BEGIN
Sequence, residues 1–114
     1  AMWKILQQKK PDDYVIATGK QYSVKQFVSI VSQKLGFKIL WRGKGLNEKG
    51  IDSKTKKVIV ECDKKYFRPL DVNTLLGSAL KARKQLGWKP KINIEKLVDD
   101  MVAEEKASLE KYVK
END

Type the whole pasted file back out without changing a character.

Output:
Sequence, residues 1–114
     1  AMWKILQQKK PDDYVIATGK QYSVKQFVSI VSQKLGFKIL WRGKGLNEKG
    51  IDSKTKKVIV ECDKKYFRPL DVNTLLGSAL KARKQLGWKP KINIEKLVDD
   101  MVAEEKASLE KYVK